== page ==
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Refinery problems blamed for U.S. gas price spike

NEW YORK — A surprise surge in gasoline prices is taking some of the fun out of summer.

The national average for a gallon of gas at the pump has climbed to $3.67, a rise of 34 cents since July 1. An increase in crude oil prices and problems with refineries and pipelines in the West Coast and Midwest, including a fire in California, are mostly to blame.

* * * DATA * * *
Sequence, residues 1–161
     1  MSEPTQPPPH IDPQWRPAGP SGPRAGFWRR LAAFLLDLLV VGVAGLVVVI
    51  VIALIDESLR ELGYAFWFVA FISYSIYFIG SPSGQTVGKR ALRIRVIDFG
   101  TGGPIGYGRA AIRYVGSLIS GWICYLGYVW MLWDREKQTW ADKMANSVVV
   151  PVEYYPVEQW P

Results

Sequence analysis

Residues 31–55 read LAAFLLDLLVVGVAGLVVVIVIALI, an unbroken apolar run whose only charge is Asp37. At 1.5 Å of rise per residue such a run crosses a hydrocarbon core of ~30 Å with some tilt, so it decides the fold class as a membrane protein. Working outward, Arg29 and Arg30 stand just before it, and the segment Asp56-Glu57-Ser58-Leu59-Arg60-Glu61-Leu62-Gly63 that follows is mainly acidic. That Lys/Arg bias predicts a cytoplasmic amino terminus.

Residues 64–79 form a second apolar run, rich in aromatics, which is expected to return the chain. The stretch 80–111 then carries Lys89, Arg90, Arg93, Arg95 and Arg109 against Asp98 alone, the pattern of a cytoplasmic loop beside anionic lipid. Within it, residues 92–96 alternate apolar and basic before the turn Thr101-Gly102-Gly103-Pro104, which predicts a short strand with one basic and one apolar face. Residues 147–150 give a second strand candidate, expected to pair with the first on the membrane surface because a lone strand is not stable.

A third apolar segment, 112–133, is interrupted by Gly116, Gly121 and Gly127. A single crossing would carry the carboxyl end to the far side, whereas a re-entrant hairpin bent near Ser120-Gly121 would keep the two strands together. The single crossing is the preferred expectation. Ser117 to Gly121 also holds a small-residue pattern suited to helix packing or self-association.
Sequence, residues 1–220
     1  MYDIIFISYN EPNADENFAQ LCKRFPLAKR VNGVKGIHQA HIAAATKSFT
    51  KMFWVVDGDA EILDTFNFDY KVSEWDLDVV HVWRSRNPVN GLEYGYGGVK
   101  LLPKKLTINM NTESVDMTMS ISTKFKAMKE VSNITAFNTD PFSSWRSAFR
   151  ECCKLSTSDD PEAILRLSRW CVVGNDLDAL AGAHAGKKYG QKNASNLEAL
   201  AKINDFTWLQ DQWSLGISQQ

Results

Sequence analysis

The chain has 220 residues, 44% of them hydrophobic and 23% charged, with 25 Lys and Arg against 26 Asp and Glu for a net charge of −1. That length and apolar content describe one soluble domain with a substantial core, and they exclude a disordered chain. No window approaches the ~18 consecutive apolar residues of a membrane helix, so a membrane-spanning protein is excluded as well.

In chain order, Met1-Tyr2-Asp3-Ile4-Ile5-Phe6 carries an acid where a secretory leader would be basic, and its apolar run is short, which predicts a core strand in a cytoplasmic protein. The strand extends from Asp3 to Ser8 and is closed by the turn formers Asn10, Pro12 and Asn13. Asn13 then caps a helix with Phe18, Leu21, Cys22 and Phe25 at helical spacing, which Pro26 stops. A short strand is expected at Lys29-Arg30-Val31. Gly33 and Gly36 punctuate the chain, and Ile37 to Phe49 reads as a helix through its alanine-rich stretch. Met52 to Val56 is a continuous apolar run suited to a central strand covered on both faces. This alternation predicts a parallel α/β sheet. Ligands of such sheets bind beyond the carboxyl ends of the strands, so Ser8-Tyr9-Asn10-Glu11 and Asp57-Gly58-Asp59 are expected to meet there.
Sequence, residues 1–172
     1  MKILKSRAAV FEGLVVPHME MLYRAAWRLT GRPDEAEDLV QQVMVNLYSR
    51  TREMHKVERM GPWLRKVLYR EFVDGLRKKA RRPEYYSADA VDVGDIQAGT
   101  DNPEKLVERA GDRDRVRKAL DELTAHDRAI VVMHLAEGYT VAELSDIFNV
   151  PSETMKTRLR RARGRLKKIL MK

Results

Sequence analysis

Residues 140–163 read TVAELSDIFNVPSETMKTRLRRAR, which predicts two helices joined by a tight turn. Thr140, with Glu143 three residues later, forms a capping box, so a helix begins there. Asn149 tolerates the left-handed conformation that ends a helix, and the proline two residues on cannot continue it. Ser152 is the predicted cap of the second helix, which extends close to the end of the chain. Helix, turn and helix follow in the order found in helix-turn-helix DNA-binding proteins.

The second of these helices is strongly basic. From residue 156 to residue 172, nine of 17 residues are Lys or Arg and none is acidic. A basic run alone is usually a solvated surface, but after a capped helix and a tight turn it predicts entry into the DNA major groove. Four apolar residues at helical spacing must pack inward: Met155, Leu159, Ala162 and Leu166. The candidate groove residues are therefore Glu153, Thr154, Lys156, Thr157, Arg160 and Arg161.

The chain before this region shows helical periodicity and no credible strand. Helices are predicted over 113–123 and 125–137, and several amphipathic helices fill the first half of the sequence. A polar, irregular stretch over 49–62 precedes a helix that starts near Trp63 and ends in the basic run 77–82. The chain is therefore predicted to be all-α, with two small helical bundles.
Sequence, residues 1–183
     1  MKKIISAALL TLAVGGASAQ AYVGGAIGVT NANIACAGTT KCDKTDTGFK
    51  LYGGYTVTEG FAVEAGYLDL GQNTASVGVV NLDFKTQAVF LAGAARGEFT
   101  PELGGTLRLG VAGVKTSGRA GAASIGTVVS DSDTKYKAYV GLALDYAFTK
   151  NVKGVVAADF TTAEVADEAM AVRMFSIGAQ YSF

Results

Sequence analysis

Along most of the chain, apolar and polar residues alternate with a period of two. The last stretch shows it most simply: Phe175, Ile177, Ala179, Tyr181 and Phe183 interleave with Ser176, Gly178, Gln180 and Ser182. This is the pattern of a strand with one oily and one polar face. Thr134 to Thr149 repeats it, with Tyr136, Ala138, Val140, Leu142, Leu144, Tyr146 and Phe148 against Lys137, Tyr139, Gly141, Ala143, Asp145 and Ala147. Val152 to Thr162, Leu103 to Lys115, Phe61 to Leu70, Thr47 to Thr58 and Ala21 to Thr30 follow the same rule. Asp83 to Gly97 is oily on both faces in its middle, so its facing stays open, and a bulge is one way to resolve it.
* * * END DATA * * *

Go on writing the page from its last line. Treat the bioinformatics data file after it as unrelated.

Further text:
Analysts don't expect gas prices to get as high as they did in April, when 10 states passed $4 a gallon and the U.S. average topped out at $3.94. But this is still unwelcome news in this sluggish economy, since any extra money that goes to fill gas tanks doesn't get spent on movies and dinners out.

The rising prices could also put pressure on President Barack Obama in the heat of his re-election campaign.

When Phil Van Schepen recently went to fill up his dry-cleaning delivery van in Coon Rapids, Minn., he found a Post-it note a driver before him had placed on the pump faulting Obama for high gasoline prices.


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